If Richard D. James was trapped in Top 40-land, this is what he would create. It's the sound of riding the merry-go-round to insanity and having fun along the way.
Apparently, girls love breakcore. And if David Wang has his way, you will too.
Here’s the crash course: breakcore is a subgenre of electronica that is centered around aggressive drill-n-bass (think Aphex Twin’s harder moments) compressed into an instant-satisfaction pastiche like a DJ "break" record (a compilation of usable/sample-ready drum breaks from other artists). Breakcore is IDM at its poppiest, jungle at its heaviest, all while retaining a very distinct sense of humor. In other words: if your dance songs aren’t fast enough for you, then get ready for a triathlon.
The man who fires the opening shot at this race is David Wang, here using his Mochipet moniker. Wang knows laptop manipulation well (with skills that rival glitch-masters like Oval and Mouse on Mars), having previously released genre-expanding mash-up mixes on top of his own experimental keyboard madness. Yet nothing could have prepared us for the level of chaos displayed on Girls Love Breakcore. Tracks like "Hyphycore" sound like a computer motherboard shoved into a blender that’s set on frappe. It’s relentless, nonstop, and has a BPM count that puts Moby’s "Thousand" (the Guinness World Record-holder for Fastest Song Ever) to complete shame. Some of these tracks are almost completely without melody, focusing more on the chaos than any sort of pop standard. Even "Wafflecore" has melodic bass underlyings to a song that’s basically a dead ringer for Squarepusher’s "Come on My Selector". Such a comparison wouldn’t be a problem if it weren’t for the fact that a few other songs follow the exact same pattern (particularly "Tumbacore" and "Botan Ricecore"). There’s nothing wrong with showing off one’s versatility, but we don’t need the exact same example trotted out time and time again.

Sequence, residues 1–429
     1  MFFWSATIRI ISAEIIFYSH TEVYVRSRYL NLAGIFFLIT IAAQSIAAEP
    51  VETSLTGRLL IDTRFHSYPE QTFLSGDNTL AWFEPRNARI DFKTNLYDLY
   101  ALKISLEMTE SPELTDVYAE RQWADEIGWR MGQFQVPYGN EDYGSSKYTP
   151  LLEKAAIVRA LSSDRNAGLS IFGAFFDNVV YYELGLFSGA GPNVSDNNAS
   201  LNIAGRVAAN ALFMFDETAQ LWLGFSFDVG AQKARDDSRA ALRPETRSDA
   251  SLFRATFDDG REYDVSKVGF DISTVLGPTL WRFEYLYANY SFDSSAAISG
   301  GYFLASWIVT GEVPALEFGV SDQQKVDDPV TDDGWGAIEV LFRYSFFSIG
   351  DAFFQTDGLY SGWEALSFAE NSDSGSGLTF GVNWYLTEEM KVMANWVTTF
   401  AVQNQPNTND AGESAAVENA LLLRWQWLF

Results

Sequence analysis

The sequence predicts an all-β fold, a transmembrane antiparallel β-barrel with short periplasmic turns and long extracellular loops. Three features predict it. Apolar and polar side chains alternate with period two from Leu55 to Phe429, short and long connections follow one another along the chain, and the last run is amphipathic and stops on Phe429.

Fortunately, such moments are few. The moments when Wang incorporates larger outside influences, he strikes digital gold. The first full-length song on the record is "Justin Timberlakecore": a track that apes and gleefully parodies the synth-heavy Timbaland productions that the ex-boy band hunk has gained acclaim for. The song features faux-falsetto singing, a "guest rapper", and a stop-and-start pop beat that eventually rises to a double-time, rave-like climax with everything restrained to a regular dance-pop structure, while still allowing Mochipet to pepper the build with drum hits galore. It’s a fantastic style parody that’s as funny as it is danceable. The same sentiment can be said for "Flappercore", which rides a bouncy foxtrot bassline that gradually lets in horns and other fantastic Roarin’ 20s details. Elastic synth plunks and slight DJ scratches are thrown in as well, before updating the drums gradually, shifting from simple trap-kit taps to full-on techno beats. It’s almost as if Wang is challenging himself with these obscure samples, and more often than not he hits massive home runs.
The album remains more of a compilation than anything else, as there’s not much coherency from track-to-track. The bass-heavy drill dance of "Donkeycore" bleeds right into the Buddy Rich Combo-on-fire vibe of "Clarinet Core" without much rhyme or reason. A track like the playfully creepy "Toy Piano Core" stands completely by itself, riding on a fantastic hip-hop foundation (and oddly sounding like the Kidz Bop take on Cypress Hill’s "Rock Superstar" before it descends into hard-rock madness). The breakcore revision of D4L’s "Laffy Taffy" (here retitled -- you got it -- "Laffy Taffy Core") completely cops the original rap hit because its beat is so simple. From those humble beginnings, Mochipet turns it into a visceral avalanche of chaos, proving that no genre is ever free from David Wang’s schizophrenic revisioning (and a track like "Beijing Operacore" needs to be heard to be believed).
Again, as an album, this isn’t a unified statement: it doesn’t set the bar for what breakcore is, but it is certainly the most entertaining introduction to a genre that tests the extremes of both structure and form. Though at times redundant, Girls Love Breakcore proves to be a fascinating false statement: breakcore isn’t just for girls -- it’s for anyone who wants their dance music with a bit of crank.